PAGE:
Three American tourists who were found dead at a resort in Sandals in the Bahamas in May have died of carbon monoxide poisoning, police said Tuesday.

In a statement, the Royal Bahamas Police Force said the three victims, identified as Michael Phillips, 68, and Robbie Phillips, 65, of Tennessee; and Vincent Chiarella, 64, of Florida, had died of asphyxiation from carbon monoxide poisoning.

They said the investigation into the deadly incident is still ongoing.

Michael and Robbie Phillips.Robbie Phillips / via Facebook

The three Americans were found dead on May 6 at the Sandals Emerald Bay Resort in Great Exuma.

Chiarella’s wife, Donnis, 65, was flown to a Florida hospital in serious condition. The hospital, HCA Florida Kendall in Miami, later said her health had been upgraded to “fair condition.” NBC Miami reported† Her current condition was not immediately known.

The couples stayed in separate villas on the resort.

Police previously said an initial investigation revealed that one of the couples had complained of illness the night before they were found. They had visited a medical facility, were treated and then returned to the villa, police said.

It was not clear whether the villas were equipped with carbon monoxide detectors or whether they were working.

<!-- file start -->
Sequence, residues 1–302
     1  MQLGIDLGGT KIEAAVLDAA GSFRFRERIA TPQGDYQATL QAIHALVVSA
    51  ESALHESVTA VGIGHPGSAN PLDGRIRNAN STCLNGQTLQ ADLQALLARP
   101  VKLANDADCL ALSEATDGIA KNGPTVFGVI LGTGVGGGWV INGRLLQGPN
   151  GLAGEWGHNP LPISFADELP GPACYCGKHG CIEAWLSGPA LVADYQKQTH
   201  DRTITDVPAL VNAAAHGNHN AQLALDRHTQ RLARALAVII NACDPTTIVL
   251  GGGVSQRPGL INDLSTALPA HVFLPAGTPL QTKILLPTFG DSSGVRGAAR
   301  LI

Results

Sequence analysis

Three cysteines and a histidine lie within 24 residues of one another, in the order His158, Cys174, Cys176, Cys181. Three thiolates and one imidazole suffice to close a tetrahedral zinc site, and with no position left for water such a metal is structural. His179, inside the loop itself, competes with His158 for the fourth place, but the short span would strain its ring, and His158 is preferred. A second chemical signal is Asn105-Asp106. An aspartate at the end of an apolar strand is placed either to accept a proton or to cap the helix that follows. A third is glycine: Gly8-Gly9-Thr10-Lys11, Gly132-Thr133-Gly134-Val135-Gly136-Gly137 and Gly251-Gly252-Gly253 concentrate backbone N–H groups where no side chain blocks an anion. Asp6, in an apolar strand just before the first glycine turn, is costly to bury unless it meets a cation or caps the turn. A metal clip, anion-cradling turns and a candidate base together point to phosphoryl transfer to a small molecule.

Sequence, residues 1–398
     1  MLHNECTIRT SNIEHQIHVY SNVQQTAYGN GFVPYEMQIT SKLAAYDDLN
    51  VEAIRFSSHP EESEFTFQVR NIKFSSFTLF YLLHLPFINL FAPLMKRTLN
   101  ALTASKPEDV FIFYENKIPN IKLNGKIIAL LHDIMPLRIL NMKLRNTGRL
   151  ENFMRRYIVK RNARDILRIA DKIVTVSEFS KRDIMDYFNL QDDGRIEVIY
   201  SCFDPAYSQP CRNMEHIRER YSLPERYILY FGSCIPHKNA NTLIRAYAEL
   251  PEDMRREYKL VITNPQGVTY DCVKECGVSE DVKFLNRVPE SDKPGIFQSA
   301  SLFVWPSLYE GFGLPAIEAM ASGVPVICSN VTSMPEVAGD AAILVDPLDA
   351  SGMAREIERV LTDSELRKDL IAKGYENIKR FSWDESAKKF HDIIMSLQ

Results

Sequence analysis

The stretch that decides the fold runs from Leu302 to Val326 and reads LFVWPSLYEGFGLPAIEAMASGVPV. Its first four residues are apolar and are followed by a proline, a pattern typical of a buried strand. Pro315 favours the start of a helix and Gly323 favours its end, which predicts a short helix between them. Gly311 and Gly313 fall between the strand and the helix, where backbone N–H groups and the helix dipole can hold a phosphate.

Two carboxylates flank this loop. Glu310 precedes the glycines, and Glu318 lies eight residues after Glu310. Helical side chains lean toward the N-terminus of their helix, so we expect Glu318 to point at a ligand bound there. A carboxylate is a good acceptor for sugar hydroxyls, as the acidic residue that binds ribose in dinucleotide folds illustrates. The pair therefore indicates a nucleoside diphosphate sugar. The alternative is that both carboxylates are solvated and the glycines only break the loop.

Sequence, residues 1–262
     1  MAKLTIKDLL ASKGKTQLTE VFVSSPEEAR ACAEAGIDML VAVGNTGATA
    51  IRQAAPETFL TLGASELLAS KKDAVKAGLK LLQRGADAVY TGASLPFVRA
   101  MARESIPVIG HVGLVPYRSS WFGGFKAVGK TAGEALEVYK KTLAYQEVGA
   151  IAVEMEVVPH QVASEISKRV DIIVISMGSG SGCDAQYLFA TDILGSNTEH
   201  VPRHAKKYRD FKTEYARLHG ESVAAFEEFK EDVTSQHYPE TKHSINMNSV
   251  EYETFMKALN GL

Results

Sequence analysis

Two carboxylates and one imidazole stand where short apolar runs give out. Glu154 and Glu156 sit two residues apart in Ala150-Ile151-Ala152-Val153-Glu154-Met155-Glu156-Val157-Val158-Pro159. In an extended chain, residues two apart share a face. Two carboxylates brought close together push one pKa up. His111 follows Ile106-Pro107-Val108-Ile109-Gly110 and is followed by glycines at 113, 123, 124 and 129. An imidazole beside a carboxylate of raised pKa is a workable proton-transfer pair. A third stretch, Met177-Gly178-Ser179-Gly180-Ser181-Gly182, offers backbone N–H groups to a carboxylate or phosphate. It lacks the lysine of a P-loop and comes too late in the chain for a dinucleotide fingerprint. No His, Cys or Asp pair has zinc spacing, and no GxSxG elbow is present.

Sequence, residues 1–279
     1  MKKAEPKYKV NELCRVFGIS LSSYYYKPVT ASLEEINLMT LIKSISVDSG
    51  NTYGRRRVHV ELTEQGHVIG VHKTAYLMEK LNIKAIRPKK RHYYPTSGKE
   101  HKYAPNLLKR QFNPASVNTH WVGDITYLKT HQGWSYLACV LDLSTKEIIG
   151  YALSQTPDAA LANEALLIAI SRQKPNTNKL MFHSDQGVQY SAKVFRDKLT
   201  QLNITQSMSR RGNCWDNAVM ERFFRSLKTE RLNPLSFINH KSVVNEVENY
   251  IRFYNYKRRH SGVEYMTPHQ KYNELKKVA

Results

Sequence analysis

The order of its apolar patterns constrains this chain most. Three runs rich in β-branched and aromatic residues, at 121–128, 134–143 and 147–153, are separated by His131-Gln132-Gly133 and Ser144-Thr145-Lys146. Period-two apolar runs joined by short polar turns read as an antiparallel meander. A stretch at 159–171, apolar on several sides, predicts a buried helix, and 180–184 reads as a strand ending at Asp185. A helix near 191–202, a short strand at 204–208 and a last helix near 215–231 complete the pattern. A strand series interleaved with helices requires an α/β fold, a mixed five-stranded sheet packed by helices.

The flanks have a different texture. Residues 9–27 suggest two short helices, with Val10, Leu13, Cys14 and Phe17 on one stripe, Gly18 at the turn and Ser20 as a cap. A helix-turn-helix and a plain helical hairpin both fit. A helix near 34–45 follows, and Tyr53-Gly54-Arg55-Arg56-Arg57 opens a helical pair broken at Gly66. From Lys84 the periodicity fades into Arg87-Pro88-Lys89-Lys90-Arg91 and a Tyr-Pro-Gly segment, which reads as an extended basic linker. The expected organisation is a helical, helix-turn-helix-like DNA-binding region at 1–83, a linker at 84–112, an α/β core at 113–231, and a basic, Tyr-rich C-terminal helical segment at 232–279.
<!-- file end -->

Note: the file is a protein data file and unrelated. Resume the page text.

Sandals did not immediately respond to a nightly request for comment from NBC News.

Sandals Emerald Bay in Great Exuma, Bahamas.
Sandals Emerald Bay in Great Exuma, Bahamas.Google Maps

The resort giant said in May that Bahamian authorities had concluded the incident was “isolated” and “in no way related to the resort’s air-conditioning system, food and beverage services, landscaping services, or malicious intent”.

It said carbon monoxide detectors had “now been installed” in all guest rooms at Sandals Emerald Bay, despite being “not required in a Caribbean destination where we operate”, adding that detectors would be installed in all guest rooms in its portfolio. .

The dead have cast a cloud over the resort hotel since the incident unfolded. The location is billed as an adults-only enclave with 11 restaurants and a golf course overlooking a secluded stretch of beach.

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